At a time when every mistake is under a microscope due to the advent of social media as a phenomenon, a quarterback in Dallas just cannot afford to be average. Over the course of his last 27 starts, Romo hasn't even been that...At least in terms of wins and losses.
Could he get Benched?
This is definitely an interesting thought. Dallas it taking on a strong Baltimore Ravens team on the road this afternoon. What happens if the Cowboys offense implodes and Romo throws multiple interceptions?
Another disastrous performance by the former Pro Bowl quarterback coming on the heels of a five-interception game against the Chicago Bears would force Jason Garrett and company into actually thinking about benching Romo in lieu of Kyle Orton, who is one of the better backup quarterbacks in the NFL.
In order for that conversation to be held at mute, Romo doesn't just need to lead Dallas to a win, he needs to do so in an impressive manner. I am not talking about throwing a couple interceptions and a couple touchdowns. No, Romo needs to have one of his better games of the last two seasons in order to fully maintain the confidence of the coaching staff, and even that might not do it. He simply cannot play average football while leading what appears to be an average team against a superior opponent on the road.
Jerry Jones and company broke off contract talks with Romo the day before he was picked five times against Chicago. While we have no idea what that indicates, its seems to tell us a story of a franchise and quarterback that are far apart in terms of finances. In short, it isn't a lock that Romo will play his remaining NFL days in Dallas.
Remember, this is a franchise that is used to success and championships, not mediocrity. At some point it becomes apparent that a certain player will not be able to lead your franchise to where you want to be. While one game against a solid opponent on the road won't define Romo's tenure in Dallas, it could go a long with in deciding when it ends.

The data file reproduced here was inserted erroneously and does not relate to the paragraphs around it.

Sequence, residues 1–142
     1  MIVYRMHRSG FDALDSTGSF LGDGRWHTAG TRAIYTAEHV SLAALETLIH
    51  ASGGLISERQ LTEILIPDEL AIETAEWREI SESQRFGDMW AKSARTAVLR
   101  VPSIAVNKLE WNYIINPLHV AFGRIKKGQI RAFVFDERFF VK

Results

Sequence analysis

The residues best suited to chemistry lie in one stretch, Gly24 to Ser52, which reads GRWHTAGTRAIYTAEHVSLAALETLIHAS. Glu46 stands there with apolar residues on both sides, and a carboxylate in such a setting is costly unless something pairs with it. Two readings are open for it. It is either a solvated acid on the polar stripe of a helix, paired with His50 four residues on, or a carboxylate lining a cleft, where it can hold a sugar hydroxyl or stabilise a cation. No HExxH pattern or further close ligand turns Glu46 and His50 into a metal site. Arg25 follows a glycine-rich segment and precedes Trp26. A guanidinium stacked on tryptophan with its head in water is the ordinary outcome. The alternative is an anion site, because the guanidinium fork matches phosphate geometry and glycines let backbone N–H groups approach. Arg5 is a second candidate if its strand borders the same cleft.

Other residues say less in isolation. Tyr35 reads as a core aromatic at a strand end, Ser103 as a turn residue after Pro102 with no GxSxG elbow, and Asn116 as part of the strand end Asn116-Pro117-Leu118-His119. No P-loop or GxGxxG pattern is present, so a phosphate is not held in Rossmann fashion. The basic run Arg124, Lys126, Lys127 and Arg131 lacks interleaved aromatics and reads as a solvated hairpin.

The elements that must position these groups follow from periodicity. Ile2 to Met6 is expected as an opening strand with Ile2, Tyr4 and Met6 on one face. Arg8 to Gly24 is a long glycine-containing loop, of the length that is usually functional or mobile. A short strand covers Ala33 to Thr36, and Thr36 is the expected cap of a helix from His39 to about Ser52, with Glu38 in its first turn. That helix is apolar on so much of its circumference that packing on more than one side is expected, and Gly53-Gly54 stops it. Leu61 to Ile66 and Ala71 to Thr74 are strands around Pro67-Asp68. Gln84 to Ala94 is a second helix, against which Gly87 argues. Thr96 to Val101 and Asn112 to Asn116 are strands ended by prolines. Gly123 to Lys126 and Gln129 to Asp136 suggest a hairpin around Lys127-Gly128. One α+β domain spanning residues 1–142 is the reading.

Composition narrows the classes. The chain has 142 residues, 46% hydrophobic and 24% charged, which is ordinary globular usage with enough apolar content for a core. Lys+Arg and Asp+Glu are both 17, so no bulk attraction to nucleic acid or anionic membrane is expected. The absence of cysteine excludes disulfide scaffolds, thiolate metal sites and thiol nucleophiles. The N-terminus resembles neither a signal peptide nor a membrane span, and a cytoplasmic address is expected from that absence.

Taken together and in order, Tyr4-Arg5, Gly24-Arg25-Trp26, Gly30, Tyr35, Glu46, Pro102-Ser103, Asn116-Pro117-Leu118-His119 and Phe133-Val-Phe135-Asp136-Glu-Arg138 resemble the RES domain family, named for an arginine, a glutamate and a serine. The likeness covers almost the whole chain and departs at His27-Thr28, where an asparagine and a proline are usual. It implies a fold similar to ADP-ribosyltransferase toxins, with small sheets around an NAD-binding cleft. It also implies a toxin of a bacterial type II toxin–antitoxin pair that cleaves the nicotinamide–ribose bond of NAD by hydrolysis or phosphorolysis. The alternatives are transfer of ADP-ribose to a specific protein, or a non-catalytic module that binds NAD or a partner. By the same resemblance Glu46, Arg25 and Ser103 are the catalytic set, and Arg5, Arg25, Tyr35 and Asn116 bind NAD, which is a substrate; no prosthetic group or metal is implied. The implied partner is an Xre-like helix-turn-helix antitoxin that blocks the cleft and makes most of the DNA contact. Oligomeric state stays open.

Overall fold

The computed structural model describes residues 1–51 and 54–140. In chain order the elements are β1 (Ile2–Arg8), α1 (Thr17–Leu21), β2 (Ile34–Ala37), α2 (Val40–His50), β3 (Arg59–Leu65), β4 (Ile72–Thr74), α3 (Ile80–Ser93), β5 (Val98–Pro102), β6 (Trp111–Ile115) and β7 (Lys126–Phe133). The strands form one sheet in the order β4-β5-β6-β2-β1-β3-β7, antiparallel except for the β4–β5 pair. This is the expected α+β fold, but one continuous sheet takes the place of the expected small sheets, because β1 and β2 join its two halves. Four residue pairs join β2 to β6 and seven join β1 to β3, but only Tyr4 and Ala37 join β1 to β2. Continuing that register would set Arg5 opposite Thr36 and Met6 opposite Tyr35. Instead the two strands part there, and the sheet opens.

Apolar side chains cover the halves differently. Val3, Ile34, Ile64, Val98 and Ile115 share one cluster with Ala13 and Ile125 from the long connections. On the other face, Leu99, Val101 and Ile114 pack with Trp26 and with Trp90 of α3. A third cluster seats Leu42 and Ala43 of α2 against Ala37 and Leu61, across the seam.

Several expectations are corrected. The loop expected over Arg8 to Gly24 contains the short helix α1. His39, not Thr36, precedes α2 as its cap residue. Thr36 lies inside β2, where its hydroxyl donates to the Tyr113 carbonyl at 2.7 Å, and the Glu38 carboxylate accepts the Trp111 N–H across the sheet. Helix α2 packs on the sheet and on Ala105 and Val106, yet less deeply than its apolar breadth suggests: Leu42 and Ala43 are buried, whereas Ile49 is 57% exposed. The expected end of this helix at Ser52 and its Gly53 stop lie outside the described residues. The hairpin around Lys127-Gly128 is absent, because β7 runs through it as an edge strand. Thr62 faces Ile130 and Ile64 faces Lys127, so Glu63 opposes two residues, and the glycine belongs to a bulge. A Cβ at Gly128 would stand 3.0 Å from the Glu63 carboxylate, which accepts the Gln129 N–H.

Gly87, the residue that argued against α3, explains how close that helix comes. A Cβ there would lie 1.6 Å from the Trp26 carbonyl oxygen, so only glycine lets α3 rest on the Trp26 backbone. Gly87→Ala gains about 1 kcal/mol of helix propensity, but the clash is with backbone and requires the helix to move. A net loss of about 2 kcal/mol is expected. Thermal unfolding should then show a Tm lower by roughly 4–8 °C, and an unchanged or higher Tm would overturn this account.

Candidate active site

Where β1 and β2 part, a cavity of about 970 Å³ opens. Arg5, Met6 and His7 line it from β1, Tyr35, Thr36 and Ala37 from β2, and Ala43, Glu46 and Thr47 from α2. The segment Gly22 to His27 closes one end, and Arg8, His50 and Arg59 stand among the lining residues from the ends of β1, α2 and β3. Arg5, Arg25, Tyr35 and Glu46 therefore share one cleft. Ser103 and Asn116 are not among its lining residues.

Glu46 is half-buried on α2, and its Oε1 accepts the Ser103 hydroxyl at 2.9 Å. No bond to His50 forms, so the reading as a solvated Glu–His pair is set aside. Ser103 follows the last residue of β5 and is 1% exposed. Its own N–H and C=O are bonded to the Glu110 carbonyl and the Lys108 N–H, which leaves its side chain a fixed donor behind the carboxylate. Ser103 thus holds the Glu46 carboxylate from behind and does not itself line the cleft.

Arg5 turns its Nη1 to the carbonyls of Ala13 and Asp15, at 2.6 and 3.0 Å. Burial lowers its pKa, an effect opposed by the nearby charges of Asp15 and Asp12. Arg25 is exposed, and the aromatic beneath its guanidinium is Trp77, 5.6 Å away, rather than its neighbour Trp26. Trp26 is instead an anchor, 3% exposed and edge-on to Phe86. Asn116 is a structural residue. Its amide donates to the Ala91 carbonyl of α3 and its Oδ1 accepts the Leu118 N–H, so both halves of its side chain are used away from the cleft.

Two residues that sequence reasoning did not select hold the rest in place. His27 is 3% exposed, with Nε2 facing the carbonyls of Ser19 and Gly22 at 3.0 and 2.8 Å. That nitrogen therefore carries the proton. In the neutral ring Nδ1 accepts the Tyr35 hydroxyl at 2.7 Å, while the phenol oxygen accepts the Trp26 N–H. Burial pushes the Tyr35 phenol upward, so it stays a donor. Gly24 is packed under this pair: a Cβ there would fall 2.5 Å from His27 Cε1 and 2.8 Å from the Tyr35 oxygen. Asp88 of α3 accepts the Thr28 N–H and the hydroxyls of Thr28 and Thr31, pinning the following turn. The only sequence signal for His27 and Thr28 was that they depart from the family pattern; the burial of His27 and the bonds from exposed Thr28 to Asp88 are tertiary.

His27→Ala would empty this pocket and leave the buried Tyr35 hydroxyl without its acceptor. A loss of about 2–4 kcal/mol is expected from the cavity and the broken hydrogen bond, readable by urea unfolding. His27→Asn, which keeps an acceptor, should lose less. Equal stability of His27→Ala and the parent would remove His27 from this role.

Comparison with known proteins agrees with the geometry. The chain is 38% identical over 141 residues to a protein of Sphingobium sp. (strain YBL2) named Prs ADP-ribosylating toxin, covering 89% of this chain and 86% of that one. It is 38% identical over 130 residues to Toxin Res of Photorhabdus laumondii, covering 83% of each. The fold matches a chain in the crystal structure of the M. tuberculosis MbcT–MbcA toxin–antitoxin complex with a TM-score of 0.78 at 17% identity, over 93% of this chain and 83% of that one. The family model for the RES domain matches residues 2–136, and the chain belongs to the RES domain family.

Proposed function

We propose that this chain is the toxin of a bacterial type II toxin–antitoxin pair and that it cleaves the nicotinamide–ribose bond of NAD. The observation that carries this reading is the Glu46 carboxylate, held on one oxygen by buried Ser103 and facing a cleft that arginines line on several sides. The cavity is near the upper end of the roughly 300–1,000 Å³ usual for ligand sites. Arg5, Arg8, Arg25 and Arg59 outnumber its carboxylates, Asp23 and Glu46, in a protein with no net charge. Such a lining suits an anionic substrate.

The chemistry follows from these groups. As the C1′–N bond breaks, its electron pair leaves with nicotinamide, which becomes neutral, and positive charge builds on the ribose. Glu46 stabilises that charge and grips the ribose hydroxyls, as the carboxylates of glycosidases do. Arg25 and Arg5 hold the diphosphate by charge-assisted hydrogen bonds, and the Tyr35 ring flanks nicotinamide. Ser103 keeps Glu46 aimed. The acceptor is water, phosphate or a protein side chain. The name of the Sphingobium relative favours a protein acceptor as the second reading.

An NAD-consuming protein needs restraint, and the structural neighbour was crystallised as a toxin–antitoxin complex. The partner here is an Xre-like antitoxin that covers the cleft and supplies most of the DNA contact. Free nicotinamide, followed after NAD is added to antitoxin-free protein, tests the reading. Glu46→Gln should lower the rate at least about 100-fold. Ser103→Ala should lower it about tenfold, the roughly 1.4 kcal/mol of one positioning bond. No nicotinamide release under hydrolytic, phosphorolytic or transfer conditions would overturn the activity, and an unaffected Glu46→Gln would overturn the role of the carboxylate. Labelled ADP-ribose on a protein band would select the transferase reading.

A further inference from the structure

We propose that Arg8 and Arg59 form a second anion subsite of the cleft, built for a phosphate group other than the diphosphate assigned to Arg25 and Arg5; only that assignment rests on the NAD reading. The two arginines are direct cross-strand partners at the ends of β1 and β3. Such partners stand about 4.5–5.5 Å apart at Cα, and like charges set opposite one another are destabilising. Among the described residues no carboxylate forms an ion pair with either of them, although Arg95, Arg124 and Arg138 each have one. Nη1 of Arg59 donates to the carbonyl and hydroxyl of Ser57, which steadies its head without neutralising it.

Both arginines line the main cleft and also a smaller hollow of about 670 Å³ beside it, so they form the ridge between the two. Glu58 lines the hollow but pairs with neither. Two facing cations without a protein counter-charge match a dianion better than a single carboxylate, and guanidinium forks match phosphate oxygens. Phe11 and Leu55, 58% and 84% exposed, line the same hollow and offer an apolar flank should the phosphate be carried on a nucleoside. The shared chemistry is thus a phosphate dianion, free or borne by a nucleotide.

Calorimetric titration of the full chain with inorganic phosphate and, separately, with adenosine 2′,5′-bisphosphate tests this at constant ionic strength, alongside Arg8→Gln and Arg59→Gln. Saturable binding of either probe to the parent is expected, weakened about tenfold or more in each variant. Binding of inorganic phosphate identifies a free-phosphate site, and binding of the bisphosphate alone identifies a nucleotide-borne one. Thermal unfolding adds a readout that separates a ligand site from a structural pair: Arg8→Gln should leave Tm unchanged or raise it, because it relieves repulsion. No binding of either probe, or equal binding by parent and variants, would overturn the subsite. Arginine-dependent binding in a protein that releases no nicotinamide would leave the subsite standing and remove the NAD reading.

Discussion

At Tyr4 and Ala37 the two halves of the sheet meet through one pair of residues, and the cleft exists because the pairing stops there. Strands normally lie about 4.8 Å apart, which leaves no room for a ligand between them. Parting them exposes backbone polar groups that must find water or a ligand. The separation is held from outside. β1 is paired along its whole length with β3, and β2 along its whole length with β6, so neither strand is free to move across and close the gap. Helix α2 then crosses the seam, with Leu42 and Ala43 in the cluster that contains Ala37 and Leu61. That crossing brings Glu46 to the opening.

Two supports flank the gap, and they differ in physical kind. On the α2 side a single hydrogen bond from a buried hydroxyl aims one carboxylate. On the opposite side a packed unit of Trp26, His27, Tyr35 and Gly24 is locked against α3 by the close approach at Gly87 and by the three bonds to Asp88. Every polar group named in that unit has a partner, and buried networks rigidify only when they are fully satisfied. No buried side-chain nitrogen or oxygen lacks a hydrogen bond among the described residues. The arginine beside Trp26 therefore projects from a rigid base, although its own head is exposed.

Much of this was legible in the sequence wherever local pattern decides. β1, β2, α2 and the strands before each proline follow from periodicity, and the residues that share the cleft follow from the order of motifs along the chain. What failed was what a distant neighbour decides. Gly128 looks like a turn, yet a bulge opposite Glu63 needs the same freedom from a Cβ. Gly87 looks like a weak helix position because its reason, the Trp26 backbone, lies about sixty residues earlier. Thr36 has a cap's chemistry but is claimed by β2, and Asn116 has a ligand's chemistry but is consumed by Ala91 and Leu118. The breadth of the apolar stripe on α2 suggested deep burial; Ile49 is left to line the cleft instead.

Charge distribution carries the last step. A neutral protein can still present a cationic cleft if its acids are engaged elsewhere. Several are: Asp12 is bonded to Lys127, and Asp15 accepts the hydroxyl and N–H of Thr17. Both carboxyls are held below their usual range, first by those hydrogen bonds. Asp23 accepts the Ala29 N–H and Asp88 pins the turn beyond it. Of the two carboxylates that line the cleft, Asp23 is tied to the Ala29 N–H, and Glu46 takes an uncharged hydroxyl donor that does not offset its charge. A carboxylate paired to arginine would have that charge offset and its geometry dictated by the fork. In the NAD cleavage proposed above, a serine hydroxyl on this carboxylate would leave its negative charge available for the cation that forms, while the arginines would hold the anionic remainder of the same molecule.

It is important to note that there are a ton of solid quarterback options in the 2013 NFL draft. Geno Smith and Matt Barkley come to mind first. In fact, Tyler Wilson, from Jones' alma-mater of Arkansas, could be seen as a solid option as well.
See, the NFL is such a fickle game. We couldn't blame Romo for the Cowboys' lack of success last season, but it seems he needs to take a fair share of the blame in 2012. You simply cannot afford to continue giving the ball away and making mistakes on the offensive side of the ball if you want to keep your starting quarterback job.
No NFL player is immune from being benched unless they have proven themselves in crunch time and during the postseason. Romo has not given us indication that he can get it done in January. Now it appears that he is struggling through the early part of the season. If this continues it won't matter how bad Romo and the Cowboys have performed late in the season, they won't be in the race when that point comes. As a result, Romo might see his tenure in Dallas come to an end.
He needs to lead Dallas to an impressive win against the Ravens in Baltimore in order to quiet the skeptics. More importantly, he needs to do this in order to regain the confidence of his coaching staff and the Cowboys organization.